Size really does matter when you talk about Carrots – but that’s not the only important thing. Taste is important, as is colour, texture and the suitability to your local climate.
I really do love the taste and smell of carrots that have been freshly dug. Nothing is better than the sweetness as you crunch into the bright orange flesh. They are so versatile in the kitchen; rarely a week goes by that I don’t use them in some way. You can cook them in a cake, grate them into your salads, use them in soups, make pesto from the leaves, or just simply boil them and serve. You have got to agree with me that eating your own carrots is so much better than having to buy some from a supermarket.
There are dozens of varieties that you can buy from many diverse seed suppliers. Without fail, the pictures on the packs make them look absolutely fantastic. But rarely do you get the carrots looking just like the picture on the pack, I don’t. Truth is, I have had varying results over the last four seasons and I have decided that it is time to conduct a very simple but extremely scientific test. I have planted 5 varieties all in the same garden bed and I have been giving them the same fertilizer and attention and I will see what variety gives the best results.
These are the varieties I chose:
- All Year Round. I have been using this variety for some time now and I will use it as a benchmark. I get pretty good results. The producer claims to be ready in 12-16 weeks from sowing.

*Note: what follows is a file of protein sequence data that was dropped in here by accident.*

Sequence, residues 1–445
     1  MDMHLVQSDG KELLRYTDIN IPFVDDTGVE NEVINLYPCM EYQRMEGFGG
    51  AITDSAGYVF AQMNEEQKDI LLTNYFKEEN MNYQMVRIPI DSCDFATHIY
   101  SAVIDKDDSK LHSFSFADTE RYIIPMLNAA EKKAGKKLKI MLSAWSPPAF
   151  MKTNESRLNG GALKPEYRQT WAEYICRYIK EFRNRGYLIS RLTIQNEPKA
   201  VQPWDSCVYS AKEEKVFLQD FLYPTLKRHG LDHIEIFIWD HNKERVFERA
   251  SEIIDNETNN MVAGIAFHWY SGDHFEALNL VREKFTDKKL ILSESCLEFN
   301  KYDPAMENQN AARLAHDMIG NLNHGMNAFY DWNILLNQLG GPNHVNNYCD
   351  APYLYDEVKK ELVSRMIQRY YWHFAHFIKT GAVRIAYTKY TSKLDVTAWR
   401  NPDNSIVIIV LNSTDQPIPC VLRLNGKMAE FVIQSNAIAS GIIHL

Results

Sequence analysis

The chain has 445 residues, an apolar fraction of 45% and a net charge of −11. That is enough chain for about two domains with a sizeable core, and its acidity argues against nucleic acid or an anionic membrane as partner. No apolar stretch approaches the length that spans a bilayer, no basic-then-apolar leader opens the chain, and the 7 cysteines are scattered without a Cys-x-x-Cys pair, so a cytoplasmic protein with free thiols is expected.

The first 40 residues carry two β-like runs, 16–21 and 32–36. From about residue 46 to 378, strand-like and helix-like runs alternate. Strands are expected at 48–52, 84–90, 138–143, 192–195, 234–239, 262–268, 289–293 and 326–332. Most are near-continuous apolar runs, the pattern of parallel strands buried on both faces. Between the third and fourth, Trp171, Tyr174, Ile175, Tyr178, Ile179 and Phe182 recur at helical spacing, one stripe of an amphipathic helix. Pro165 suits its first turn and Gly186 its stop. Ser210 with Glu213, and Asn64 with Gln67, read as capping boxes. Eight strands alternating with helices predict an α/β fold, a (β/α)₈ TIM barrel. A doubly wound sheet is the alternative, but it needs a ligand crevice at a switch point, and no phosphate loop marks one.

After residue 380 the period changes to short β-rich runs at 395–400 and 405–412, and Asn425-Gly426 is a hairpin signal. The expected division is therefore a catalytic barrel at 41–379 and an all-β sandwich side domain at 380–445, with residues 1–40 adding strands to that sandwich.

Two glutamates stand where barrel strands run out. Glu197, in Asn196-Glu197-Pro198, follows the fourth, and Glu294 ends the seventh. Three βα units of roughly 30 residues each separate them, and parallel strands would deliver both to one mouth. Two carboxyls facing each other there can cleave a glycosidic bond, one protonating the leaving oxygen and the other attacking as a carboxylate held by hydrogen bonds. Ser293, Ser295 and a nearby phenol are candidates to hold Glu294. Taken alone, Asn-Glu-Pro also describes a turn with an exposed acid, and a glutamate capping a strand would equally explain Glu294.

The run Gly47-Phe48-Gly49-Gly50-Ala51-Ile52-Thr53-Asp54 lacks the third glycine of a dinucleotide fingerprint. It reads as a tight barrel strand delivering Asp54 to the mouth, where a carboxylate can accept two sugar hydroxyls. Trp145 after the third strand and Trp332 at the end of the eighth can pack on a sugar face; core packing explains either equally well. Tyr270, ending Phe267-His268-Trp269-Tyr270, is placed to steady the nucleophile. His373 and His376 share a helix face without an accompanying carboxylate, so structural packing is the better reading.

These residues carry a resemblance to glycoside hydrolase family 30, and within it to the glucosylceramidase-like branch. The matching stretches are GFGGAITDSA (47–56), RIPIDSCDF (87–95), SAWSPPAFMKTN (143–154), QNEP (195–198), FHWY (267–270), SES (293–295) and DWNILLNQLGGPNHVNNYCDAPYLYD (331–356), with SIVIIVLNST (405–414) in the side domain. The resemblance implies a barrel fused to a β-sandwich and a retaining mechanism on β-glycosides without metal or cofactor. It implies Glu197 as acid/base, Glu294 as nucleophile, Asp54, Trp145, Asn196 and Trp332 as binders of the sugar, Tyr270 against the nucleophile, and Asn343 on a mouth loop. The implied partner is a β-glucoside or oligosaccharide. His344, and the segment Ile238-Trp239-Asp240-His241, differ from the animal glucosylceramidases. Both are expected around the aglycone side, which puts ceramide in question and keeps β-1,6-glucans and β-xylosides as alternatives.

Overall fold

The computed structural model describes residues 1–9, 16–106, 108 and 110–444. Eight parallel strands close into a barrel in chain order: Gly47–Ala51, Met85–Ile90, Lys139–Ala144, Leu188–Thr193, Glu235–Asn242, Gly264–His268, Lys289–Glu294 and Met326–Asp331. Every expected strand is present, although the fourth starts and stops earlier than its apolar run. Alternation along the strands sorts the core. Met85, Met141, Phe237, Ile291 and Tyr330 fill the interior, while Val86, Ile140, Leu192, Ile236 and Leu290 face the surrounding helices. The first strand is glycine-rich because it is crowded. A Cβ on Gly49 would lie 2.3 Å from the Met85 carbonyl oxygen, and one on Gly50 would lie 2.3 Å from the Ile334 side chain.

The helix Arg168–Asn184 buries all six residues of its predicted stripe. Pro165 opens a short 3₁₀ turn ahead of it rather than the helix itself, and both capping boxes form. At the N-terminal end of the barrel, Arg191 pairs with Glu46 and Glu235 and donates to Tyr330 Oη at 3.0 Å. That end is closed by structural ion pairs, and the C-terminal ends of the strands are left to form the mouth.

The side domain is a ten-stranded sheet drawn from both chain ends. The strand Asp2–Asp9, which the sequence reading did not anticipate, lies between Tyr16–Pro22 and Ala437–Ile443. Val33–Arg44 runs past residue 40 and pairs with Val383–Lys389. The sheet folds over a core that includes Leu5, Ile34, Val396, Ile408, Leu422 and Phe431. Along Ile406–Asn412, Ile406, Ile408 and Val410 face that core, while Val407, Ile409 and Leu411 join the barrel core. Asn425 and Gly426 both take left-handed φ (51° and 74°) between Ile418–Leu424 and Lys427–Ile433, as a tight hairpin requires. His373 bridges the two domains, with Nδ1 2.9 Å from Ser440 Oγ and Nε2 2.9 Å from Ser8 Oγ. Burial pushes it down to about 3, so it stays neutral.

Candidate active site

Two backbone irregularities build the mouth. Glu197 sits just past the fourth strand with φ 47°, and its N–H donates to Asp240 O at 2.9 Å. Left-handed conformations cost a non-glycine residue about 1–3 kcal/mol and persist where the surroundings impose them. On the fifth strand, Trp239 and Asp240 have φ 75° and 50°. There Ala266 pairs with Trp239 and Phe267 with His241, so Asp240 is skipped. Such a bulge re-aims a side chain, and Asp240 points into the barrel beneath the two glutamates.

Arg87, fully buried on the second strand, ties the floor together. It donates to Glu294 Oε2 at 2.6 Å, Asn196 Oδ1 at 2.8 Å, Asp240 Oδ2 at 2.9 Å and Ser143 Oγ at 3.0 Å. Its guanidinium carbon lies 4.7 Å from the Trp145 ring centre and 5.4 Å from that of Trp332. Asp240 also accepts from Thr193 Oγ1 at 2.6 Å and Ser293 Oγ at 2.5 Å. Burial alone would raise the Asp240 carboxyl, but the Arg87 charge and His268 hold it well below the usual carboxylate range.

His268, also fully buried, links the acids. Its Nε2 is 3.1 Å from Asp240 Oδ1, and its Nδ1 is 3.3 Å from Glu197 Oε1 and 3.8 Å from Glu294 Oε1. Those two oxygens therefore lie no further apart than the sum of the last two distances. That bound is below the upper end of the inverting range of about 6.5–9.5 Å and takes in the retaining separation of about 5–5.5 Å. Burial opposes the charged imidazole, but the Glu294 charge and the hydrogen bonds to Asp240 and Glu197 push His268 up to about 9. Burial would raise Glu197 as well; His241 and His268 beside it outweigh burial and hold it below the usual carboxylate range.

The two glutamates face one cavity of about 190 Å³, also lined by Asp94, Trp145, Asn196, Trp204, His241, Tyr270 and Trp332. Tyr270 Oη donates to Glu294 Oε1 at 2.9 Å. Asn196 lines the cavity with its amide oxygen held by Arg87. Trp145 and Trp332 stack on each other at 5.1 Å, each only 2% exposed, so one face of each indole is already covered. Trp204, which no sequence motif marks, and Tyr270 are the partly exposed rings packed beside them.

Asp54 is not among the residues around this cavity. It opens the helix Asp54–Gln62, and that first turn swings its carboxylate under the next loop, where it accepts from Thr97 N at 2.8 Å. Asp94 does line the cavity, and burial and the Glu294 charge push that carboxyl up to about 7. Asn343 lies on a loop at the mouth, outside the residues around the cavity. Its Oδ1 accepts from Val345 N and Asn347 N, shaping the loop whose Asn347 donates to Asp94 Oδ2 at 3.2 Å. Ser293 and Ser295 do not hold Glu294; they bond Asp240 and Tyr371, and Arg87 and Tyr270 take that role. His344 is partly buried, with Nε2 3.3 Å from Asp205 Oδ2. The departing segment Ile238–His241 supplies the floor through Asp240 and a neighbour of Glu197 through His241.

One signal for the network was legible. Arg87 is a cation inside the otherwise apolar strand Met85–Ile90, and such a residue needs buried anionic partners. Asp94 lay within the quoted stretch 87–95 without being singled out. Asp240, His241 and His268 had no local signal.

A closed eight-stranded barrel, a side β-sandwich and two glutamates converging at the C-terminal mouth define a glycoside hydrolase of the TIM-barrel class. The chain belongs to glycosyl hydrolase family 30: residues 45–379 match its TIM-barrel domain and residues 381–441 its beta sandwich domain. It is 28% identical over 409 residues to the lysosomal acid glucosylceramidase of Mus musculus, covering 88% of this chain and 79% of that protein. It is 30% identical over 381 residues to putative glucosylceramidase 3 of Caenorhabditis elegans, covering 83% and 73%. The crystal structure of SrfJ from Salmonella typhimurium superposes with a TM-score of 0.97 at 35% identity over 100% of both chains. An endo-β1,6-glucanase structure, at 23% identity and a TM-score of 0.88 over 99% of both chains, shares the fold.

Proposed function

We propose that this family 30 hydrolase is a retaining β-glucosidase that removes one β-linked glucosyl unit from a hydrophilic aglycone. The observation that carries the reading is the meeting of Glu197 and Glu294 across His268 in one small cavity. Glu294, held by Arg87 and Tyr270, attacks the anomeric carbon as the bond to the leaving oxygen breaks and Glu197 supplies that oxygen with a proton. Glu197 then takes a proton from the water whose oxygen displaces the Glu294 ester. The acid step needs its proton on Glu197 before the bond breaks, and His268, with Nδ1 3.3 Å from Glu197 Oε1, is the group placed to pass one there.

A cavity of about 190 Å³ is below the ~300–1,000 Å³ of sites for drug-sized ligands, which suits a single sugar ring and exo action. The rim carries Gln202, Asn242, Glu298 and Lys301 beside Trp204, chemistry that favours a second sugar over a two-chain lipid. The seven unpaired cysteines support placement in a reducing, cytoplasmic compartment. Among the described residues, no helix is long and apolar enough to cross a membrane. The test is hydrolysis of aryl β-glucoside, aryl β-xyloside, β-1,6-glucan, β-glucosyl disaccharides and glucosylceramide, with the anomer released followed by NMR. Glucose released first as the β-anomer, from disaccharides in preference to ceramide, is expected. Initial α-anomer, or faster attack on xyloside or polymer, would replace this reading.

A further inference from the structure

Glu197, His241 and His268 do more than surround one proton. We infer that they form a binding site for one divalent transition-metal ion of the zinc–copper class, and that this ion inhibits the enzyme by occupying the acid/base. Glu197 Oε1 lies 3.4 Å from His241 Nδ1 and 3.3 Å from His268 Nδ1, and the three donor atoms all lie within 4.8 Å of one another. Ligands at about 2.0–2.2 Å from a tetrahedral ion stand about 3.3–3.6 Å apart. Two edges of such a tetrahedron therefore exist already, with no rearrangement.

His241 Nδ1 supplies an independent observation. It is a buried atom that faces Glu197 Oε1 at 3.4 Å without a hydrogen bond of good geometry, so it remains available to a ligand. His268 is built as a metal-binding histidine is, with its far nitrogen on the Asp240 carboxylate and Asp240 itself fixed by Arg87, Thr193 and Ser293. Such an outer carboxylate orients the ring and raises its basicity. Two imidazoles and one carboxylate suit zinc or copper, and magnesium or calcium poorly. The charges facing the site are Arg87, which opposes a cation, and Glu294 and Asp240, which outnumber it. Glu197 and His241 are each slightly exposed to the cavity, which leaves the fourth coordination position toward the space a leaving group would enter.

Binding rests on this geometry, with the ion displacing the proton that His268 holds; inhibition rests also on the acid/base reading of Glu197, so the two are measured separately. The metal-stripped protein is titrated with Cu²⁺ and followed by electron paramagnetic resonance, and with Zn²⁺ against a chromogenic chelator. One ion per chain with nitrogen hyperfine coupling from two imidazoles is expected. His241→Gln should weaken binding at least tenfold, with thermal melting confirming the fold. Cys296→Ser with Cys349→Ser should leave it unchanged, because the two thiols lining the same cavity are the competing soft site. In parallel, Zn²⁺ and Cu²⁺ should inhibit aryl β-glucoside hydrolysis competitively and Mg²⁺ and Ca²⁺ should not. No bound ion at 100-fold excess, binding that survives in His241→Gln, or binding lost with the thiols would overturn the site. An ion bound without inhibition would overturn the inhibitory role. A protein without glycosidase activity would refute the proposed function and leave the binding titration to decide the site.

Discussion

- Topweight Improved. I chose this one because it is a variety that I can remember my dad growing when I was a kid. Sentimental I know, but it a good enough reason as any. It’s ready in 10-14 weeks.
- Chantenay Red Cored. I have never tried this one before. The shape in the picture was fat and stumpy looking. Ready in 12 weeks.
- Earlybird. I like the shape of this one. Harvest it in 12 weeks.
- St Valery. I chose this because it is an heirloom variety. I want to see if they are any different in taste and in size than the more ‘modern’ varieties. 11 weeks until harvest.
Carrots are a vegetable that I always find a spot for in my veggie patch. I get the best results if I sow in autumn and grow them during the cooler months of the year. Every climate is slightly different when it comes to growing but autumn sowing seems to work best in my climate. Nematodes are active in my soil over the warmer months and they seem to enjoy attacking carrots. So until I get the little blighters better under control I will stick to growing them in the cooler months.
So, that’s the road test folks. The carrots are busy growing and I am eagerly anticipating the results. I will report in the coming months. In the meantime, I would really like to know which varieties you would consider to be the best.